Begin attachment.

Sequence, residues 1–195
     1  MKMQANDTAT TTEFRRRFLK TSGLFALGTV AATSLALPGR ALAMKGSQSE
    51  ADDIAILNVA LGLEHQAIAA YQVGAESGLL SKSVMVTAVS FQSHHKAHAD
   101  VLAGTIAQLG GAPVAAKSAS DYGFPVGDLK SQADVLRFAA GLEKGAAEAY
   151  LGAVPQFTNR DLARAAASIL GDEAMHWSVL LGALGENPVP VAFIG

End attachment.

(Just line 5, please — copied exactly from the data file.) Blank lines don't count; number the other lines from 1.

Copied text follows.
   151  LGAVPQFTNR DLARAAASIL GDEAMHWSVL LGALGENPVP VAFIG